National signing day delivered its usual doses of drama Wednesday, when the three-day early signing period began.
Four-star cornerback Omarion Cooper put a Michigan cap on his table at Lehigh Acres before sticking with his commitment by signing with Florida State. The Gators sweated out a ceremony for three-star safety Dakota Mitchell, who stuck with Florida instead of flipping to Texas A&M or Alabama.
USF added a quintet of Power Five transfers — including former Miami starting quarterback Jarren Williams — and beat Georgia and Tennessee for three-star receiver Jimmy Horn. Seminoles legend Deion Sanders got a four-star defensive back, De’Jahn Warren, to flip from Georgia to join him at Division I-AA Jackson State.
The real drama, however, will play out in the coming months and years as coaches and players sort through the long-term effects of an unprecedented, unpredictable, pandemic-altered recruiting cycle.
“There’s going to be some give and take,” Miami coach Manny Diaz said. “That’s why I think there will be some volatility in this class when they get to college.”
The volatility comes from a unique convergence of circumstances.
Because of the pandemic, college coaches couldn’t evaluate prospects in person, either during spring practice, summer camps or fall games. They couldn’t even get updated height/weight measurements themselves. Some states, like Illinois and North Carolina, didn’t have football seasons, giving recruiters even fewer chances to see a player’s abilities.
“You probably have less information within your evaluation of them than you normally would,” Gators coach Dan Mullen said.
A lot less information.
Coaches couldn’t stop by high schools to learn more about a player’s character by talking to his teachers or counselors. Prospects couldn’t take official visits to campus, so some were signing with schools they’ve never seen in person and coaches their families haven’t met.
“It’s the first time in my career that I’m having to ask for commitments from young men and their families who have never been able to shake my hand, to be able to see and meet the coaches in person, and were never been able to see the campus or visit and walk through your facilities in person,” USF coach Jeff Scott said.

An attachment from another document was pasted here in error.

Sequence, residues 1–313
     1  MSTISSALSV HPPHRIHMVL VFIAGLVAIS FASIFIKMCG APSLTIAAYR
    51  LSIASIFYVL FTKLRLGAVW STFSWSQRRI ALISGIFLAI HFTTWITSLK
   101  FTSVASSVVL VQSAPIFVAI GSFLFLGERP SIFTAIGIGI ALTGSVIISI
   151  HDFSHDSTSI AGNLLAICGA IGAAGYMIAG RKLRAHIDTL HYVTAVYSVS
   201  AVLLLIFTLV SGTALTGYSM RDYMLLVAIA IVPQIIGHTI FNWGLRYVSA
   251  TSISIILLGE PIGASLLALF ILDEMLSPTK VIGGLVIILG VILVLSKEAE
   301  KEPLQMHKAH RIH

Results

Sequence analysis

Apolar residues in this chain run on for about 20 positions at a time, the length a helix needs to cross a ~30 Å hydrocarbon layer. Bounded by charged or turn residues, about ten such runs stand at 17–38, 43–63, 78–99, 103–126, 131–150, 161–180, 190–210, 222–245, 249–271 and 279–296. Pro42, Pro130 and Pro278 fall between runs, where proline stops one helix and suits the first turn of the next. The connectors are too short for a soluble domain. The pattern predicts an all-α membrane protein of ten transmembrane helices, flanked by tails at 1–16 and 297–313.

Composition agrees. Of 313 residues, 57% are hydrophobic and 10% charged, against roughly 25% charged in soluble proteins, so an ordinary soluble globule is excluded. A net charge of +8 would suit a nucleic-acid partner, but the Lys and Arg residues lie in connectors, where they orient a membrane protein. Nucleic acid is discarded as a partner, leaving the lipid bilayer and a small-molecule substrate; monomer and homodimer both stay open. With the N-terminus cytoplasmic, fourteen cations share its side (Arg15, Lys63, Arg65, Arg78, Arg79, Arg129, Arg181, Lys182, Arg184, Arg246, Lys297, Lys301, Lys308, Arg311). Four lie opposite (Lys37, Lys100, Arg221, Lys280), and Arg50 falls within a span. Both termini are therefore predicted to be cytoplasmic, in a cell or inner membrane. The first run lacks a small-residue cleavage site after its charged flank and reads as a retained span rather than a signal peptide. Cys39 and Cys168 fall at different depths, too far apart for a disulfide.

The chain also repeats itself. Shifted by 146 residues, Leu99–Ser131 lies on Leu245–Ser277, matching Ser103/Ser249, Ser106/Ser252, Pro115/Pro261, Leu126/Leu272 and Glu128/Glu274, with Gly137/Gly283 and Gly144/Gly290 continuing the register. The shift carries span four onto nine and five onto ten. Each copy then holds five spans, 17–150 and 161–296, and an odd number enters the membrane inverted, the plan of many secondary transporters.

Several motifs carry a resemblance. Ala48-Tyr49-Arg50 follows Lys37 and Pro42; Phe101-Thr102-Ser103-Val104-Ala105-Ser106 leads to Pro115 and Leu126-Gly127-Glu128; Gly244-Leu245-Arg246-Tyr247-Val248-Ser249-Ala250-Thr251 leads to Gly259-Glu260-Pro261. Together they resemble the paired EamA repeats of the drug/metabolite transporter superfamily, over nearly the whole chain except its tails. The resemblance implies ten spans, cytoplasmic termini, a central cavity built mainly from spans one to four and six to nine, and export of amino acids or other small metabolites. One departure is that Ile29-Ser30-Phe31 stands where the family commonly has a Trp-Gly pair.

The NCAA is adding to the complexity.
Every player got an extra year of eligibility because of the pandemic, which could lead to a roster crunch (and attrition) in 2022 or ’23.
Then there’s the change Florida State coach Mike Norvell called “one of the interesting dynamics of this recruiting cycle.”
The NCAA is expected to change its rules to give every first-time transfer immediate eligibility. That will make it easier to leave if he or the school made a wrong decision because of the pandemic-related recruiting restrictions.
Add it all up, and a recruiting process that is always unpredictable looks like a bigger crapshoot than usual. With less information, teams will miss on players who bloomed too late or peaked too early.
“I think we’ll look back in a few years at the ’21 and ’22 class, and I think there will be some outliers in both extremes of guys that were overlooked or maybe the opposite,” Diaz said.
Or maybe there will be fewer misses because coaches spent more time breaking down a player’s film instead of worrying about his measurable or gushing over pad-less performances from summer camps.
The same uncertainty holds true for the players themselves. With no official visits, will prospects have buyers’ remorse when they see the campus and facilities up close?
“Maybe on the flip side, maybe they will have made more decisions for the right reasons and not just something that looks god for a 48-hour weekend, but something that feels maybe more real than that,” Diaz said. “Who knows?”
This much is clear: The drama with this recruiting class isn’t over yet.